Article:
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Publicat in: 27.04.2012, 06:14AM
Autor: Richard Constantinidi
Comentarii: 0
Vizualizari: 1579
Etichete: Australia, Bristol, Lil Rhys, Mc Idle, Mr.woodnote, Saxophone, The Bonobo Hobos

Mr.Woodnote is a jazz musician in disguise.

Live loopstaion action with fx, he is beatboxin, stackin horn lines with saxophones, flutes and all sorts of toys.


CZB: Have you moved to Europe? Where in Europe do you feel more at home?

Mr. Woodnote: I first came to the UK in 2001 when I was 18, I had a scholarship for music and since then I have spent more time in the UK than Australia. I love Bristol, it is my favorite city for sure! Amazing and beautiful artists live here and we can play music

and make parties!

CZB: How often do you make it back to Australia?

Mr. Woodnote: Not very often, unfortunately. I went back home for a month in January this year, it was beautiful and hot! Before then I hadn’t been home in 3 and a half years, my mum gets very sad but my family loves what I do and understand and support my life.

CZB: How long is the flight from Australia to Britain and how many stopovers are there?

Mr. Woodnote: It feels like it takes days!! The first flight is usually 10-14 hours, you might stop over in Asia or Dubai. Then you wait for maybe a few hours and get back on for another 12-14 hours to London, then a two and a half hour trip to Bristol, the best place in this country :)

CZB: Is there a budget airline for this kind of flight?

Mr. Woodnote: Nope, it costs a lot of money.

CZB: How do you cope with all those hours on the plane?

Mr. Woodnote: It can be very boring and being over 6 foot tall it is very uncomfortable, last time I did the flight I was very lucky though, I was sitting next to a very very pretty and interesting girl and we talked the whole time, it was awesome! Haha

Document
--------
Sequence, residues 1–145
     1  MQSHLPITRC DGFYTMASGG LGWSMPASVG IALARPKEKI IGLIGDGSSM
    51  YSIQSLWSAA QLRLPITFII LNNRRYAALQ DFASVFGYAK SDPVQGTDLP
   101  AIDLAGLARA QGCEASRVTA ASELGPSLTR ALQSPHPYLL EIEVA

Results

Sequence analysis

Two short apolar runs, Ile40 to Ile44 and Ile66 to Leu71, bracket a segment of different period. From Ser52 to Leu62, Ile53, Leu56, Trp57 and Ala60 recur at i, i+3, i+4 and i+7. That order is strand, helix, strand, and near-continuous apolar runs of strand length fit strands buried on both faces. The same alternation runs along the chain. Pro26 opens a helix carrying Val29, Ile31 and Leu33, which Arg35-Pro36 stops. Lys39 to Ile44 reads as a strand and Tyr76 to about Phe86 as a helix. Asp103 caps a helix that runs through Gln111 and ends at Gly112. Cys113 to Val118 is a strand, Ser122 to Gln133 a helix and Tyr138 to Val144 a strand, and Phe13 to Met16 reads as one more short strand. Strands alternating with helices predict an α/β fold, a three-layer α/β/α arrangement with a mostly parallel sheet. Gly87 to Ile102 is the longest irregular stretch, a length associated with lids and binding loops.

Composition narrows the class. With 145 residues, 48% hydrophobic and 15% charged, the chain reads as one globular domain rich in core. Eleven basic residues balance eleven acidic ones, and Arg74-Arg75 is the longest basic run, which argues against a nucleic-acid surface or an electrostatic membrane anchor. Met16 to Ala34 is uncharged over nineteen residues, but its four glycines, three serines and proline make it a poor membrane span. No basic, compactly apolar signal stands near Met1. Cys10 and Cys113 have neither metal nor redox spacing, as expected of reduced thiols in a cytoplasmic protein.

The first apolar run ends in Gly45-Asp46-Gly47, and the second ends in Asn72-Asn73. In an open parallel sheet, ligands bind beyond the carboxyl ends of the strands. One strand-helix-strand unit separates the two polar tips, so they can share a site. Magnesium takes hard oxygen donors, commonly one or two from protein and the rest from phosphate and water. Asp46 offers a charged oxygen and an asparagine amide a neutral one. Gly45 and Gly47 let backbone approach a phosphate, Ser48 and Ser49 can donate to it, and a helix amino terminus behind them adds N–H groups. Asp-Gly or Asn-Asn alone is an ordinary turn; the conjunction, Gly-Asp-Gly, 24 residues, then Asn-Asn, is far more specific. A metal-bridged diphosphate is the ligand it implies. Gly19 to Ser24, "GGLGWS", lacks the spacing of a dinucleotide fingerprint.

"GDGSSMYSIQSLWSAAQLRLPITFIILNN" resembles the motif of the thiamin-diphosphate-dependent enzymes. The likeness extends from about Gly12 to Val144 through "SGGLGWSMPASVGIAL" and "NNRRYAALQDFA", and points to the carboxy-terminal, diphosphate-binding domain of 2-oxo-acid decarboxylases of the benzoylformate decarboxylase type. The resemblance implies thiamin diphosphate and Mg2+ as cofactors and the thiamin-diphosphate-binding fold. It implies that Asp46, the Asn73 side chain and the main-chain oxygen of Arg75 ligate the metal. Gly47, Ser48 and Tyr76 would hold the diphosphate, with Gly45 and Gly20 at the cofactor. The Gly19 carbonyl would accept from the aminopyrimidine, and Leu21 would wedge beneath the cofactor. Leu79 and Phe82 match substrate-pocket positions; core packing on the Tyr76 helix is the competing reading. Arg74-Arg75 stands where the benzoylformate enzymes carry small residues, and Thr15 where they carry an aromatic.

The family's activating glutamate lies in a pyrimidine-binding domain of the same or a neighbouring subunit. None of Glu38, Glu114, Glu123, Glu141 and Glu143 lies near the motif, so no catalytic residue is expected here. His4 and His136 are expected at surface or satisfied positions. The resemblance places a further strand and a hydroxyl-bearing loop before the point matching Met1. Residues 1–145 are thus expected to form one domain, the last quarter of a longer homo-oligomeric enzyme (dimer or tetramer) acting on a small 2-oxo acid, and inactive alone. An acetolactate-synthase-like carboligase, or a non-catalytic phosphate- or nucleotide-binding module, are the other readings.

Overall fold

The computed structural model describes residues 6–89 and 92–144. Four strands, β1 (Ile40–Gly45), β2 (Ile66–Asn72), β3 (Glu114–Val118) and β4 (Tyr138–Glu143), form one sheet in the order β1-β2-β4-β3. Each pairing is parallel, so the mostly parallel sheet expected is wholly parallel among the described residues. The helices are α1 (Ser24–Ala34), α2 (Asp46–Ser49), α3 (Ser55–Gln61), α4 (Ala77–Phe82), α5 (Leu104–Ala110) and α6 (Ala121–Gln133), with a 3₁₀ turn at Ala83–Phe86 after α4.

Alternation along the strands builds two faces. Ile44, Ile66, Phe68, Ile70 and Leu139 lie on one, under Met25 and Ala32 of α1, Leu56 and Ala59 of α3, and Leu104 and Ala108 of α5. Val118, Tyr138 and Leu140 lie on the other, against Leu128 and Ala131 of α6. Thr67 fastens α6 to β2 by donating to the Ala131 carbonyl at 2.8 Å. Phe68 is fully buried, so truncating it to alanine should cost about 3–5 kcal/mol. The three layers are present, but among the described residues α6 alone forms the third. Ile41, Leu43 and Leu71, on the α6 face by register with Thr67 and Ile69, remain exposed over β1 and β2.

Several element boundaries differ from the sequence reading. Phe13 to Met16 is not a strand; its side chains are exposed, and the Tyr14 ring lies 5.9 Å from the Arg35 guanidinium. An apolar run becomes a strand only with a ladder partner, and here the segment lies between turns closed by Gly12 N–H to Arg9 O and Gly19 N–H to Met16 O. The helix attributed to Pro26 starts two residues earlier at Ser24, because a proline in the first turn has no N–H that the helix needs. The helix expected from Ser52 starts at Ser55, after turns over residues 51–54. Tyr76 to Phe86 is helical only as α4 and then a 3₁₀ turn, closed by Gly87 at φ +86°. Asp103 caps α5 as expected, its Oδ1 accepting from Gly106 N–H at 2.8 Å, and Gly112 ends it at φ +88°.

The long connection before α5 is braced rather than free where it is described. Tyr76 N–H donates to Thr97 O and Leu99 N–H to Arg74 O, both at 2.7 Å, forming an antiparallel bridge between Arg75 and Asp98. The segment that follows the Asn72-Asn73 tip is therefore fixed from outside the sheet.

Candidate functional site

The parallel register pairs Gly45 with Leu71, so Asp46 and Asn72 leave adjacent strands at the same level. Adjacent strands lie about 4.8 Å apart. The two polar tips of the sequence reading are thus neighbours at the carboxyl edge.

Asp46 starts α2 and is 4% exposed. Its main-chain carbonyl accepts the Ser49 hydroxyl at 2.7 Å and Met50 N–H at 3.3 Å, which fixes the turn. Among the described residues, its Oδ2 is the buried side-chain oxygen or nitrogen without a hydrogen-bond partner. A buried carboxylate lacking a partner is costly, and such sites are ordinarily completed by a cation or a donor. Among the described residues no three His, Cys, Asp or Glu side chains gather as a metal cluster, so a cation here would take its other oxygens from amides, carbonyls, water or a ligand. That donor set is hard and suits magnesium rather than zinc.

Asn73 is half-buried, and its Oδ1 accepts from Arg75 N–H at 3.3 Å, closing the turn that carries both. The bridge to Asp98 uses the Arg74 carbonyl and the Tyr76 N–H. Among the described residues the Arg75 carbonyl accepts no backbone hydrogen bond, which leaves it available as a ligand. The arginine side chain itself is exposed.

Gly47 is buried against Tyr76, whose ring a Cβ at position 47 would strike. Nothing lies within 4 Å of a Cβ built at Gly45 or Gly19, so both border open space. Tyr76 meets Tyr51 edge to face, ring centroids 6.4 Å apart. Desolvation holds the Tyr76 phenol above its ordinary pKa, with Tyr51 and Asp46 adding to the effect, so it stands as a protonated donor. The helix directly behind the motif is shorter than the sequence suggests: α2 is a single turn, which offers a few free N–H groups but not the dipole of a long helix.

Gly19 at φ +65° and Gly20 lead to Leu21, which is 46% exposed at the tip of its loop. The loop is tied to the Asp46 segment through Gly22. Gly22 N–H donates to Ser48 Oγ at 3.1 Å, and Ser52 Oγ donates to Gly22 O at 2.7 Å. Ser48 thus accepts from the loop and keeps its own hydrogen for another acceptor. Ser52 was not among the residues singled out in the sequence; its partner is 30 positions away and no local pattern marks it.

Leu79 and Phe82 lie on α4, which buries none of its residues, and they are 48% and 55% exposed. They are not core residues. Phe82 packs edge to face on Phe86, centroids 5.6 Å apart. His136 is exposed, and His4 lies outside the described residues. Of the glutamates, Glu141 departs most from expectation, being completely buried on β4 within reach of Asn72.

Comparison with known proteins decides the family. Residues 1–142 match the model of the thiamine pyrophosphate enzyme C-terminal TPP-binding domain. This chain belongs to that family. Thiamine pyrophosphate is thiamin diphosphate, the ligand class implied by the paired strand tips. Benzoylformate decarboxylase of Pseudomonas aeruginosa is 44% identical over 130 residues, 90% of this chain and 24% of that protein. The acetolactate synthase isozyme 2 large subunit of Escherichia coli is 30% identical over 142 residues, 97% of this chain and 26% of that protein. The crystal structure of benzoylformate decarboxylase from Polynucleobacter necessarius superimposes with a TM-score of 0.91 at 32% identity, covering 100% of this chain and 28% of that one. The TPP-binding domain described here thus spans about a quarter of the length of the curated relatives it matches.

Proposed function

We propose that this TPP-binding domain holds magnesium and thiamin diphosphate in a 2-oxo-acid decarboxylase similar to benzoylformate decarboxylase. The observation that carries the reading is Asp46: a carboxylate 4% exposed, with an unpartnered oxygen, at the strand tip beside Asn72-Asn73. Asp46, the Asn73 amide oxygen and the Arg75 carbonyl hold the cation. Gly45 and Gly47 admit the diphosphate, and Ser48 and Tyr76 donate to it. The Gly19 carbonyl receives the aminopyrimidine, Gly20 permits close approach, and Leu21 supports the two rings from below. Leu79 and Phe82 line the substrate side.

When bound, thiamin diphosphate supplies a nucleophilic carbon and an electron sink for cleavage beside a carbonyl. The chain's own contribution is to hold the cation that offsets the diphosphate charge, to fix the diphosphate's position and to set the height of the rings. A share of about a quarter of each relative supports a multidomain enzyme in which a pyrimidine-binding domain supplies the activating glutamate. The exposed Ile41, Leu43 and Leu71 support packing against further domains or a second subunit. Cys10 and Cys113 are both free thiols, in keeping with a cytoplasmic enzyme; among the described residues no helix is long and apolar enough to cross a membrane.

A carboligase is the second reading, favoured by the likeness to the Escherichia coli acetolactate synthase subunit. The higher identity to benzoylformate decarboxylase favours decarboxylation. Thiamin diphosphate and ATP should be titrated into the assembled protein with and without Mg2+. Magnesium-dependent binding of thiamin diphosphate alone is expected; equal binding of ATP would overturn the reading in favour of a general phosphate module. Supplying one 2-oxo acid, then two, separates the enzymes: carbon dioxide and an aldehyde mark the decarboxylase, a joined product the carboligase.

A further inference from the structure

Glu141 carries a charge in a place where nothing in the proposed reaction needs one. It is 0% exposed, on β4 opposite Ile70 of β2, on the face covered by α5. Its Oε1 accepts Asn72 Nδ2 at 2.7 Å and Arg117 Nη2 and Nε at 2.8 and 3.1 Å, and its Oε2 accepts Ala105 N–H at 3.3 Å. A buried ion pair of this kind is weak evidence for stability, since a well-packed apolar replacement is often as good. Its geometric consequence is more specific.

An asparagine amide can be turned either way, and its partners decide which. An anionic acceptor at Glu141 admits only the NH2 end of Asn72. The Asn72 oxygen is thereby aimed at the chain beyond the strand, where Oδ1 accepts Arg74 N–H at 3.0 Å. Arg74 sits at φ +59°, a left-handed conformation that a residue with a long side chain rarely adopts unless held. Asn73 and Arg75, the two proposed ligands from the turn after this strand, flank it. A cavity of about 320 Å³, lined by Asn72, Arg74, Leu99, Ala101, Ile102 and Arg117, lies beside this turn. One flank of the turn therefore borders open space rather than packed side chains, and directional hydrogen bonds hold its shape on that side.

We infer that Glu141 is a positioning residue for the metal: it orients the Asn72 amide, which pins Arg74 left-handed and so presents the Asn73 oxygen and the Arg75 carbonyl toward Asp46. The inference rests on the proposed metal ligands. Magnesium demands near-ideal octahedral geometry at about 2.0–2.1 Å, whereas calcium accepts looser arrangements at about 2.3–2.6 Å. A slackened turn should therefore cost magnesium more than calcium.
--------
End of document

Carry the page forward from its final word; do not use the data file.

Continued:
CZB: How long does it take to get over the jetlag? Australia must be 12 hours ahead of us.

Mr. Woodnote: Haha, it can be hard but you have to be tough, just have to stay awake as long as you can and then get a good sleep in : )

CZB: How did you start playing the saxophone?

Mr. Woodnote: I had played piano since I was 4 or 5 and also had started studying clarinet when I got my hands on a saxophone, I think I was about 12 years old. I had seen one on TV so I talked my parents into renting me a saxophone. 

The greatest thing anyone has ever done for me.

CZB: Have you gone through different instruments or was it the sax from the start?

Mr. Woodnote: I love loads of instruments, I really like playing bass guitar and tinkering on the piano and flute but its all about the saxophone for me, tenor saxophone is the most stunning sound to my ears.

CZB: Was music part of your upbringing at home or did you discover it on your own?

Mr. Woodnote: My home was full of music, my mother plays piano and guitar and is a wonderful singer. My father loves lots of different styles of music, I would have to say it was very much a part of my upbringing at home.

CZB: Have you met Courtney Pine or is his style not your style?

Mr. Woodnote: I was lucky enough to meet Courtney Pine when I was 18, he is an amazing saxophonist, his playing is steeped in tradition but he is contemporary in his style. We play differently but I have endless respect for him as an incredible saxophonist.


Courtney Pine. The CZB INTERVIEW


CZB: How many saxophones do you own and carry around with you?

Mr. Woodnote: I have a few beautiful instruments but I usually carry two, a tenor and an alto, although recently just the tenor. I identify more with that instrument than any other. Its a beautiful French, Henri Selmer Paris MKVII. I also bring a flute and melodica and a few other wicked toys.

CZB: In what way has streetmusic helped you develop as an artist?

Mr. Woodnote: When you play on the street you get an instant indication as to what works and what doesn’t in your music. If you are playing a song and everyone stops to listen, you want to play more songs like that. Different cities have different vibes too, so in Manchester for example, we might play darker heavy tunes and the kids love it, in Brighton on the beach we play happy bouncy beats and it fits the vibe. You get instant feedback playing on the street, I also like trying to ‘push it’ a bit, see how far we can take things sometimes, see if we can get some of the oldies into some heavy beats and bass lines!